Mood swings are the mainstays of bipolar disorder. There are small ones like everyone has, but there are also swings that go over the top or right to the bottom. The lightweight mood swings can be dealt with, most of the time. You work it out and move on with life. For full episodes of depression and mania, however, treatment gets difficult. It can take years for a patient and their doctor(s) to find the right treatment. Even then there may need to be tweaks or even overhauls. One way to help yourself out in this process is to watch your behaviors and take note of what may be triggering episodes. Here are 10 common triggers for manic episodes:
2 Having a baby
Postpartum depression is a widely-known illness. However, between 20-30% of women with bipolar I disorder experience manic episodes postpartum, especially within the first 2-3 weeks.
3 Alcohol or drug use
You don’t have to abuse alcohol or drugs for them to affect your mental health. It makes sense that stimulants like meth and cocaine could induce mania, but depressants like alcohol and marijuana can too.
While antidepressants are often effective when used to treat unipolar depression, they can trigger manic episodes. If they are used to treat bipolar disorder at all, they are typically used along with a mood stimulator.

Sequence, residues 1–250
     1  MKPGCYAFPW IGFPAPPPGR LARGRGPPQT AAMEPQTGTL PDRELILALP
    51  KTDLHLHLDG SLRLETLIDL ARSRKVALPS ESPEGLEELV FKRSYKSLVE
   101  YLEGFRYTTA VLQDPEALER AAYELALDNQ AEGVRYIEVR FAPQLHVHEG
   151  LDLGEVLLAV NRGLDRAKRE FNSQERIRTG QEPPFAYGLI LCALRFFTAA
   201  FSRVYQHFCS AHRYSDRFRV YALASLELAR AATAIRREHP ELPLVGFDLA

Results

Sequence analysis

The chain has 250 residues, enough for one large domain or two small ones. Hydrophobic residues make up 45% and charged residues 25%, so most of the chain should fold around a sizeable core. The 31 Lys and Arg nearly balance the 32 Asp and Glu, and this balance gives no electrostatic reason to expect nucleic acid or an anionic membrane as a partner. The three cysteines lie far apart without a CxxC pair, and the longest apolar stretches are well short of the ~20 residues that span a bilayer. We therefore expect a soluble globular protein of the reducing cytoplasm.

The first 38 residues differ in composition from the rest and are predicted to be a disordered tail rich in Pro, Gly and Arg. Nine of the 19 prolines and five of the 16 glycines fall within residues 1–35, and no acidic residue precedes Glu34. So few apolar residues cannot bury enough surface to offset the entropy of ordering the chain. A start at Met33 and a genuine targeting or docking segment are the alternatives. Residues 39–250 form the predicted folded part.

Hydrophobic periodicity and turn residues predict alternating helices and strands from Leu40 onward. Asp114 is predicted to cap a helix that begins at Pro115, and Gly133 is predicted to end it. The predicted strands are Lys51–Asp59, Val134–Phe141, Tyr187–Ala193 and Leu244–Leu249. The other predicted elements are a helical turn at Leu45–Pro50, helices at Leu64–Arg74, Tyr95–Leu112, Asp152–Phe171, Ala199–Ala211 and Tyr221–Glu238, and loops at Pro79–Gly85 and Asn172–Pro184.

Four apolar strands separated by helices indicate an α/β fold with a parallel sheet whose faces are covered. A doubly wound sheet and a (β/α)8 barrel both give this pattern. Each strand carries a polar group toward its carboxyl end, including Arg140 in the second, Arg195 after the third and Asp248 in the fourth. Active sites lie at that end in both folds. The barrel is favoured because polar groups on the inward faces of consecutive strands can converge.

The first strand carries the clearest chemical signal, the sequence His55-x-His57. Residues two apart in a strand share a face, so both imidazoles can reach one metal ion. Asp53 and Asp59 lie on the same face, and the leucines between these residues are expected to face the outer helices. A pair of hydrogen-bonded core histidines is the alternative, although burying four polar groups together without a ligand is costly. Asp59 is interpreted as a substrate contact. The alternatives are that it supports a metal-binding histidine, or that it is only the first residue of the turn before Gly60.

Noise, lights and odors can be overstimulating but social situations can as well.
Physical illness causes emotional stress. It also causes inflammation to occur in the body and in the brain. Any inflammation in the brain can seriously affect the areas that control mood.
7 Season changes
While the lack of sunlight during the winter can worsen depression, the increase of sunlight can induce mania. Allergens can also cause inflammation (see #6).
8 Social conflict
Relationships play a big role in managing bipolar disorder. Our friends and family can be our biggest supporters, but it’s difficult. Because of the intensity of these relationships, when something goes wrong, it can be a stressor.
9 Really anything that throws off your groove
Okay, not anything. Not getting your usual parking space is probably not going to trigger a manic episode. Travel, a new job, a new relationship- these are all examples of changes that can affect your normal behavior patterns. The more your normal patterns are thrown off, the more you can be affected biologically and the higher your chances are of a manic episode.
Bonus: Not taking your medication
This is fairly straightforward. If you don’t take the medication that is intended to prevent mood swings, you are more likely to experience those episodes. More urgently, discontinuing your medication can send you into withdrawal which can lead not only to mania, but also other severe, physical symptoms.
You can find me on Twitter @LaRaeRLaBouff
Photo credit: Kelly Sikkema